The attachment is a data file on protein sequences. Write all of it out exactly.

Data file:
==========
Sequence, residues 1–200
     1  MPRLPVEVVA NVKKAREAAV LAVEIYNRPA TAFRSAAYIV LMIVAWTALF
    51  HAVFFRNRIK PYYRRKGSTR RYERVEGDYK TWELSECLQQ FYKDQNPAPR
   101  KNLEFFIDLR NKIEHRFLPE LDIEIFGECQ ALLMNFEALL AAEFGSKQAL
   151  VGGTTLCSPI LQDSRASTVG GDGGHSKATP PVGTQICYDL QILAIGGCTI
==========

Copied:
Sequence, residues 1–200
     1  MPRLPVEVVA NVKKAREAAV LAVEIYNRPA TAFRSAAYIV LMIVAWTALF
    51  HAVFFRNRIK PYYRRKGSTR RYERVEGDYK TWELSECLQQ FYKDQNPAPR
   101  KNLEFFIDLR NKIEHRFLPE LDIEIFGECQ ALLMNFEALL AAEFGSKQAL
   151  VGGTTLCSPI LQDSRASTVG GDGGHSKATP PVGTQICYDL QILAIGGCTI